I must say the Comprador has come out like a brick. I can count upon . . . certain $23,000.— Albert Heard to John Heard, Hong Kong, February 28, 186322
After the Opium War: Treaty Ports and Compradors
By the mid-1840s, the tightly controlled authority China had administered over its trade began to diminish. After the end of the First Opium War in 1842 and subsequent Treaty of Nanking, additional ports were open including the newly formed British colony of hong Kong. By 1843, the Canton trade system was fading out, and a new era of trade emerged in the recently opened treaty ports.
“Canton had been bombarded by the English and French forces . . . and the old factories, the scene of so much interest and happiness, were destroyed forever,” John Heard remembered of the aftermath of the Opium War. Of course, this settled the questions as to where we were to live in future. Hong-Kong had the call.23 Augustine Heard & Co. moved its main office to Hong Kong in 1857 and continued to expand its operations with branches in Foochow and Shanghai, agencies in Amoy and Ningbo, and later offices in Japan at Yokohama, Nagasaki, and Hyogo.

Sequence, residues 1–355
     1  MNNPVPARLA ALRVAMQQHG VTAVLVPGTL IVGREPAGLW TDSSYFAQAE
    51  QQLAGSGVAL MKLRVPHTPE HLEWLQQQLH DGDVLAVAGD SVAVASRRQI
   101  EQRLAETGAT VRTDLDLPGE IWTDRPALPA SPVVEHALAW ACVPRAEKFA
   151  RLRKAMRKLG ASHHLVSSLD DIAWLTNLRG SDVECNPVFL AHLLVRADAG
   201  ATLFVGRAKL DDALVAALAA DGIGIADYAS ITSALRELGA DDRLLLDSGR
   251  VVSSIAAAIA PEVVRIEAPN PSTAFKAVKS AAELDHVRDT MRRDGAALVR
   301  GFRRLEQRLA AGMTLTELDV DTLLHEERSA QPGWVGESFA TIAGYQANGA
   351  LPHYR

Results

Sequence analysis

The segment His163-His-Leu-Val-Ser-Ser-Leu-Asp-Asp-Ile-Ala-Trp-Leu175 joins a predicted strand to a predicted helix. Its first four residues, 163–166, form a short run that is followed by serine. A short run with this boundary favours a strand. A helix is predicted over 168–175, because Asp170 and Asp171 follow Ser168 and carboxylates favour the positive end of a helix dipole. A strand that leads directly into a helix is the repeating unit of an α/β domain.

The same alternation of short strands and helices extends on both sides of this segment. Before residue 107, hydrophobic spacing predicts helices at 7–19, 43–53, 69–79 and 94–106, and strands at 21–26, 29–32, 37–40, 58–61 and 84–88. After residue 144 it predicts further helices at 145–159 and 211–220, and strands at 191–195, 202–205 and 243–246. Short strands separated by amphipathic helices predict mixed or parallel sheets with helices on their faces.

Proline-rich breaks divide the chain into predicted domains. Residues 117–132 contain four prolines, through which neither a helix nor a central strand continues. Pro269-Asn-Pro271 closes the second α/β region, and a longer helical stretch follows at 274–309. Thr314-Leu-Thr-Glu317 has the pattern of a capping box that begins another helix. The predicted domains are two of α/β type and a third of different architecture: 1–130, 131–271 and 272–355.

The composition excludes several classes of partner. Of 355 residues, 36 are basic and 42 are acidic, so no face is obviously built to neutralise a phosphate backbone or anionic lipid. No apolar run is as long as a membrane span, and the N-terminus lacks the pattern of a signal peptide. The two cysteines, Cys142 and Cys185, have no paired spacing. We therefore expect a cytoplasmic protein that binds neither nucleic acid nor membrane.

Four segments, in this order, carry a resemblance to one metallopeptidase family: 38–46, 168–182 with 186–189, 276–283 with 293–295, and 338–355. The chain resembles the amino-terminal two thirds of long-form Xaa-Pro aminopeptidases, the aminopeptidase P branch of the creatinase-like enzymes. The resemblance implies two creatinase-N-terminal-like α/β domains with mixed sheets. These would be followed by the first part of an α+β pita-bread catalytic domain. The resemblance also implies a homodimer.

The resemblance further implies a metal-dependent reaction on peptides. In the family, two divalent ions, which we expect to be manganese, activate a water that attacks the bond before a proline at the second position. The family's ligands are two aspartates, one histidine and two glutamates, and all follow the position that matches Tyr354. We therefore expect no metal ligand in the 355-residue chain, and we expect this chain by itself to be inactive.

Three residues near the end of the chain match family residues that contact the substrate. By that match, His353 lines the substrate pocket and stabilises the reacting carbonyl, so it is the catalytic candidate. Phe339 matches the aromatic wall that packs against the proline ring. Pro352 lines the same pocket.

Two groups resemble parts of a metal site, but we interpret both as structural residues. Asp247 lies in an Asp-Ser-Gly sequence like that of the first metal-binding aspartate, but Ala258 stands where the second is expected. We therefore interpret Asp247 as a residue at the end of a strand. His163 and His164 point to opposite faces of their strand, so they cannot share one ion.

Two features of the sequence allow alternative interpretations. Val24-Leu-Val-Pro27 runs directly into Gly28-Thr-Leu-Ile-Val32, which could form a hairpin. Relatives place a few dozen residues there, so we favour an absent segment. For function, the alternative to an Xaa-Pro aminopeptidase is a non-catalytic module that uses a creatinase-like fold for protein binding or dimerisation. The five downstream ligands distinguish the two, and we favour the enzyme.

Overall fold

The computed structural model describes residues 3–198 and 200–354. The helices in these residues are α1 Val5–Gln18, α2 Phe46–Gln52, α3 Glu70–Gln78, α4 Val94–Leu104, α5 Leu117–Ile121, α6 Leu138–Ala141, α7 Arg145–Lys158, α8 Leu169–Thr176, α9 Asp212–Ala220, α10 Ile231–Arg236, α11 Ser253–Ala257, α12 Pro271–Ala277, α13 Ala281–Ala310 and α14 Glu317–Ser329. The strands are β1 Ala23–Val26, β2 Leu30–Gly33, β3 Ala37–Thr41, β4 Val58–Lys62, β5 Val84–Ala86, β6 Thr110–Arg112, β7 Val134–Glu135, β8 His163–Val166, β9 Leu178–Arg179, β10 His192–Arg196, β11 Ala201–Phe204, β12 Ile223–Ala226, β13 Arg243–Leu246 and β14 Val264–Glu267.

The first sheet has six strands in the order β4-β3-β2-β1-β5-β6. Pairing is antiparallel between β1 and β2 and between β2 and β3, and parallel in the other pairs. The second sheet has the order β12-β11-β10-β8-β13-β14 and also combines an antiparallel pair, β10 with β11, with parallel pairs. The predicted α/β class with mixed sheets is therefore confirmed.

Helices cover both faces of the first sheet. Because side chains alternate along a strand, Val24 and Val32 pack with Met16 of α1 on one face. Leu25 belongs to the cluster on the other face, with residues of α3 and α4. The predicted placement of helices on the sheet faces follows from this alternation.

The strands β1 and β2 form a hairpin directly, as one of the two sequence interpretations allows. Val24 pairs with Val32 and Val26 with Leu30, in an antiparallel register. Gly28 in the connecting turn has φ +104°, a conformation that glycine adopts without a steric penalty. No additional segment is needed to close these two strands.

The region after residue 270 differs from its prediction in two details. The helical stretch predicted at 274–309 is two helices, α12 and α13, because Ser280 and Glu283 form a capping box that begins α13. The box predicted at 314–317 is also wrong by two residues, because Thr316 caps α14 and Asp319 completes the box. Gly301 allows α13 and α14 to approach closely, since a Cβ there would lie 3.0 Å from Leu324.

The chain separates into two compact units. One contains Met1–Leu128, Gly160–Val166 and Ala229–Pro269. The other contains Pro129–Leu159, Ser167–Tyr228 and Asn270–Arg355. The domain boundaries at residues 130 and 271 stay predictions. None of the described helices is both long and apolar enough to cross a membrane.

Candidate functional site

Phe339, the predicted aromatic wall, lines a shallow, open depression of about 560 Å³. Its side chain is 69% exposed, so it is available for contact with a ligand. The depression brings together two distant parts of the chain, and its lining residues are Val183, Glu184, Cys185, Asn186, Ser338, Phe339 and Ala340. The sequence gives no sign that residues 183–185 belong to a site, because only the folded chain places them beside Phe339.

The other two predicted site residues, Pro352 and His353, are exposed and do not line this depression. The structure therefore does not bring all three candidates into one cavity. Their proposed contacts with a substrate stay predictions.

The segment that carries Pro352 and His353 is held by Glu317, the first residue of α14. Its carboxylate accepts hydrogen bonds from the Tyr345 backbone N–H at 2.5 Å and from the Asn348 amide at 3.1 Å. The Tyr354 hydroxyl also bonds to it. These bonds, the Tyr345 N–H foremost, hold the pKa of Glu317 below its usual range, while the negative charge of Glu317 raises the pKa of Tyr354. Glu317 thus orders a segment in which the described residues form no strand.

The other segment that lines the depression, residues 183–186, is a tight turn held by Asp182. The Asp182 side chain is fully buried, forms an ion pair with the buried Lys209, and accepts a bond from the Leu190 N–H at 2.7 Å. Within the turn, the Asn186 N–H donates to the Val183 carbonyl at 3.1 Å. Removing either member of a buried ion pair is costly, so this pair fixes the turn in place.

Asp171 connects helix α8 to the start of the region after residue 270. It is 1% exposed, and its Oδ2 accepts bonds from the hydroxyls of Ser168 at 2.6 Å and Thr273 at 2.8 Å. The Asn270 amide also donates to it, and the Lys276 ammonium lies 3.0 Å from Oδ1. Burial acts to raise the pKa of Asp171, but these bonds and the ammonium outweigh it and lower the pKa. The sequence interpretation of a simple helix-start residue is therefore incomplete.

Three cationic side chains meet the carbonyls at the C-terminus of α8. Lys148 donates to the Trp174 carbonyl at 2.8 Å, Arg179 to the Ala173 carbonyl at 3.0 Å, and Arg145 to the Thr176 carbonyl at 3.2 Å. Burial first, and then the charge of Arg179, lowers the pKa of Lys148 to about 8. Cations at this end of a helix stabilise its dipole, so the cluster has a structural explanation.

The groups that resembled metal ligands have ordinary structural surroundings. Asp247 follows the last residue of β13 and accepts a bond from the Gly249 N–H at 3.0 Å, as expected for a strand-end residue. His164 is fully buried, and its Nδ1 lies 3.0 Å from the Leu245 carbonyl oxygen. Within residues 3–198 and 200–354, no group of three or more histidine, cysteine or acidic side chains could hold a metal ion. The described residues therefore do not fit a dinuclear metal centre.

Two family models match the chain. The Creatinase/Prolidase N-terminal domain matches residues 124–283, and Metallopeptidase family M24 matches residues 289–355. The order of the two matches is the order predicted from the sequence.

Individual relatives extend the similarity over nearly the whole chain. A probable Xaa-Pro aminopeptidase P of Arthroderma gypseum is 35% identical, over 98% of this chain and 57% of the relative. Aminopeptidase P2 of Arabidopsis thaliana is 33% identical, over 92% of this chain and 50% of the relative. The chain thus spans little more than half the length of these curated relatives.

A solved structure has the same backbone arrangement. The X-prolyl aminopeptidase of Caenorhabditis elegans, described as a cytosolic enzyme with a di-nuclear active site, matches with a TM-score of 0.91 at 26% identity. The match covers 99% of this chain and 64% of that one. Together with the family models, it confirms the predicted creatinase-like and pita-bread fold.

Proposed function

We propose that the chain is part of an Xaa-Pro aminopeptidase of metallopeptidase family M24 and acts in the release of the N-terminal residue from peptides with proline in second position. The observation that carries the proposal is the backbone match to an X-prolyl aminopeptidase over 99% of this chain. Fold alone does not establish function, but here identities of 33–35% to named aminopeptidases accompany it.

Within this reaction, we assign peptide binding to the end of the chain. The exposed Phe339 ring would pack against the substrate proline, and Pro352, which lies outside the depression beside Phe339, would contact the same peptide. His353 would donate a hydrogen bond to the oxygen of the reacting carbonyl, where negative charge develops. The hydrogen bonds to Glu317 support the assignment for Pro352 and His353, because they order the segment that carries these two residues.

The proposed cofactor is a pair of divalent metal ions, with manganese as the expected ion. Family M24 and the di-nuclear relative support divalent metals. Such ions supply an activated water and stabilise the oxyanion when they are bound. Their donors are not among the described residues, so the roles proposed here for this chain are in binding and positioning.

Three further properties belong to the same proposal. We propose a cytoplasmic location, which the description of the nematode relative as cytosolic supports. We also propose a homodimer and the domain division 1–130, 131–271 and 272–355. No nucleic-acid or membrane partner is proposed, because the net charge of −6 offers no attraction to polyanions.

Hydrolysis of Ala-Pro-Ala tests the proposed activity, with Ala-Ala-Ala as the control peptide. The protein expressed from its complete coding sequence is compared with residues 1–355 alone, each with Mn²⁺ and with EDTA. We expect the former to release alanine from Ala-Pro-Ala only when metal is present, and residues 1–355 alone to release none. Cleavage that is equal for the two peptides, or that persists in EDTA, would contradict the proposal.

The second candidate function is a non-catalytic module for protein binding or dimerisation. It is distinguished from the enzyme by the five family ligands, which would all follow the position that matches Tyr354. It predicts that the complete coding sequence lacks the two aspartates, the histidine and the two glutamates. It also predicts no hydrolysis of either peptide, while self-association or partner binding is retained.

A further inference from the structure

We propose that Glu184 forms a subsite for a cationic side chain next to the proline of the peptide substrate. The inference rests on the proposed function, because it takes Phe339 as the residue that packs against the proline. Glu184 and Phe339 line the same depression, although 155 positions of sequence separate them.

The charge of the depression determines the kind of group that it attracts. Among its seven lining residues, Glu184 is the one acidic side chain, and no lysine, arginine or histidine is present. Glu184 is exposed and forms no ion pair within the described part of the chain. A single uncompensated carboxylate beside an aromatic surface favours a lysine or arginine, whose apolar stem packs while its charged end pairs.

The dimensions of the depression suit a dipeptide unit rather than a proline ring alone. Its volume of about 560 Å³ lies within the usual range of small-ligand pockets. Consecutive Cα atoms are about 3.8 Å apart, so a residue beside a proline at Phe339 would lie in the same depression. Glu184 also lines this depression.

The period also signaled the end of the hong monopolies. The Chinese comprador, who served as a trading house employee and manager and sometimes as an independent merchant, became the essential go-between for American traders. Although neither party possessed complete control, the relationship proved mutually advantageous. “Acting as a middleman between two worlds, [the comprador] played a strategically important role in modern China’s economic growth, social change, and general acculturation,” historian Yen- P’ing Hao writes.24 Over time compradors also became investors in the foreign firms with which they did business and later founded their own enterprises.25
Augustine Heard retired from his role as active head of the company in 1844. He would never return to China. In June 1844, the firm announced its new partners: John Heard, George Basil Dixwell, and Joseph Roberts. Augustine Heard II arrived in 1847 and became a partner in 1850. Albert Heard came to China after graduating from Yale and became a partner in 1856, the same time that Augustine II went home and John returned to China to take his place. By 1857, John Heard reported that the company was turning profits of $180,000 to $200,000 a year.
The partners found that they could increasingly count on credit as a way of doing business, enabling them to acquire goods for American clients with far more capital than the company had. By 1860 the Heard & Co. purchases came to $1.5 million; 25 percent was funded through the firm’s money and the rest through credit.26 London merchant banks such as Baring Brothers & Co. provided Heard & Co. with credit, and the China trade in turn brought a significant increase in banking profits.27 “With the sophistication of credit instruments, it became more convenient for coastal merchants to obtain credit,” Yen-P’ing Hao maintains.28 The trading houses also heavily borrowed from compradors and traditional Chinese banking houses well into 1870s.